Topic 12 – Our True Savior

Posted by on November 17, 2012 in Series-The View from Here | 2 comments

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    What I am about to discuss in this episode of “The View from Here” may sound blasphemous to some people. You’ve been warned. There is an understanding that has existed throughout what we call time that depicts the true nature of human beings. That true nature operates from a seamless interconnection of the intellectual and the intuitive. It is characterized by a sense of being which is connected, whole, ageless, unencumbered, and impersonal with an exquisite sense of joy, wonder, ease, humor and delight, words can hardly do it justice, but that’s a start. When we are not imprisoned in our inner conversation, we can sense it, even if only for a second, but in that second, we will know how much more there is to life than what we experience daily. This inner existent state of being is our true savior in the sense that it is the source not only of our immediate existence, but of all Life throughout all time, and from it exudes an orientation that guides our lives through this experience called life on earth, or it could if we were aware of it.

It has been the subject of conversation through all recorded history. Many great works of awakened spirituality have spoken about the true nature of existence when it takes a human form: The Mathnawi. The Bhagavad Gita , the Vedas and Upanishads, The Middle Way, The Bible, and the Tao Te Ching to mention a few. In the one most familiar to the Western world, The Bible, Jesus spoke to that nature as the kingdom of God. He told the disciples to seek it first above all things, and before he got run over as they all raced for the door, he told them where to find it: the kingdom of God is within you. This interface is what the intuitive being remains constantly aware of. And the life that results from this orientation is the one we sense in our longing, for we do know life could be so different from the daily grind we’ve reduced it to.

Were we truly curious and about a new-to-us way to live, our orientation to life would change. We would not be striving for the alleged accomplishments defined by our egoic existence, but would seek an increasing familiarity with that which lies within us that is truly us. We would use our daily existence as our workshop; for it is through our responses to the events of each day that we can begin to understand what we actually believe is true as opposed to what is true. Our first step must be to find out for ourselves what we have relied on to guide our lives to this point—our unexamined beliefs about life— and what you’ll find is not one of those beliefs is true. It’s the old Pogo realization: we have met the enemy and he is us.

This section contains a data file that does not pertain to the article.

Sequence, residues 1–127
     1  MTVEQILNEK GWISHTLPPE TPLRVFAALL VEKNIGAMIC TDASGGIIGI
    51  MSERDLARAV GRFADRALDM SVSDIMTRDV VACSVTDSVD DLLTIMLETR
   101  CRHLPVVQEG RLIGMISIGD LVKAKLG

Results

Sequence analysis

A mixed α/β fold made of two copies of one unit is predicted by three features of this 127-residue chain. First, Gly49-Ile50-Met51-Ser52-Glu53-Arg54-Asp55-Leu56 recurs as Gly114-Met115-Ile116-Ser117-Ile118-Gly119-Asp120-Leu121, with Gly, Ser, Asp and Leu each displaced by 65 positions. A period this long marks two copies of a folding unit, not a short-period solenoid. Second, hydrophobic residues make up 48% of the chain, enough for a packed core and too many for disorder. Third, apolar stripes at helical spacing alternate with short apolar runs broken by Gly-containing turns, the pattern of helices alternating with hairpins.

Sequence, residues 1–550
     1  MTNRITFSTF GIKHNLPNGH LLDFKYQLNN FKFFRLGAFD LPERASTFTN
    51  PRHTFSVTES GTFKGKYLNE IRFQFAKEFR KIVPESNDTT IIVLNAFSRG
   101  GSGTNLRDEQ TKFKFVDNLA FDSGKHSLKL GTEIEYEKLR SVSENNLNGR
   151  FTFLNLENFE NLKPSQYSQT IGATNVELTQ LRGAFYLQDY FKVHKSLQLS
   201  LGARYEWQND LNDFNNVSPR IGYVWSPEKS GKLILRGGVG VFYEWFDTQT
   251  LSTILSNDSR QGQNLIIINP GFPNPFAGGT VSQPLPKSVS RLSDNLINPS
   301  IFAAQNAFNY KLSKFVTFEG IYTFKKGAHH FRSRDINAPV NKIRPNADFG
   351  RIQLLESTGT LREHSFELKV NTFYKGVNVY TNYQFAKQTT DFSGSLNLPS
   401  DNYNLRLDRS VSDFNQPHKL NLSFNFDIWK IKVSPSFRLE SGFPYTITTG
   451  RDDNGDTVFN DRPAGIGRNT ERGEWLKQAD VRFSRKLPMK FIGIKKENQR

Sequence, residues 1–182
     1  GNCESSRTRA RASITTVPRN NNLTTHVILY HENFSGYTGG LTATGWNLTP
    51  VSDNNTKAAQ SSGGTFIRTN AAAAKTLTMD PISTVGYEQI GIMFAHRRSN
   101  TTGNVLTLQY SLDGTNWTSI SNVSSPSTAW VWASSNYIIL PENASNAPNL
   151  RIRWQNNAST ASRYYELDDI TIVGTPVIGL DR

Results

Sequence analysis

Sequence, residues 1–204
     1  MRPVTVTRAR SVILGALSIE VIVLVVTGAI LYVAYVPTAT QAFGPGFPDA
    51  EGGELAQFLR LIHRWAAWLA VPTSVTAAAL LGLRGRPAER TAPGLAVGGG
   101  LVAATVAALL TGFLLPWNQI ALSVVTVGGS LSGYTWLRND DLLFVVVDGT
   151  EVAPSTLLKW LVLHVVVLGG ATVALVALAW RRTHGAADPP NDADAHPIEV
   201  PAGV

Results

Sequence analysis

This then takes us back to where we started in this series, so to speak, back to how we’ve been conditioned to perceive life and the concepts and beliefs we were given that support that misperception, only you’ll now know it is a misperception. It certainly doesn’t happen overnight. Watch out for the charlatans who suggest it is a hallelujah-I-am-saved sort of experience. And the motivation for this work increases when we realize that no true change takes place from our present state of consciousness. What we see is what we’ve got until we decide to know our true nature. Without that awakening, we are the proverbial dog chasing its tail. And since we’re making quite amuck of things on this planet, it would behoove us to become a tad more curious about that which could truly save us.

It’s not out of our reach. And it has nothing to do with religion. It starts as the willingness to explore our daily happenings—that argument with your spouse, a frustrated conversation about your boss, that poorly executed discussion with your teenager— and ask yourself two questions: What was actually true in that moment versus what I told myself was true? This on-going state of contradiction in which we live is the one flaw of ego through which we can escape. From the poems of Rabia (c.717-801) a female Islamic saint sold into slavery as a child and raised in a brothel (Sort of takes the sap out your victimhood story, I bet. Sure did mine….), “Slicing Potatoes” shows you how down-to-earth this work toward awakening really is:

It helps

putting my hands on a pot,

on a broom, in a wash pail.

I tried painting,

but it was easier to fly

slicing potatoes.

Our true nature is the love of our life, and there is no harder life than one lived apart from love. It’s not an easy route, this road less traveled, but it is the only one to which your heart, in the end, will quietly whisper, Amen.

Speaking of love, stay tuned for next week’s essay, Topic 13 – What is Love?

 

Christina Carson is an author who writes novels that let the reader experience life from a new perspective through the stories and characters she creates.

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2 Comments

  1. Beautifully enlightening, Christina! Looking forward to new chapters!!

  2. Here is a question for you,Jo. What would you like to hear about? I’ll shape it into a chapter.

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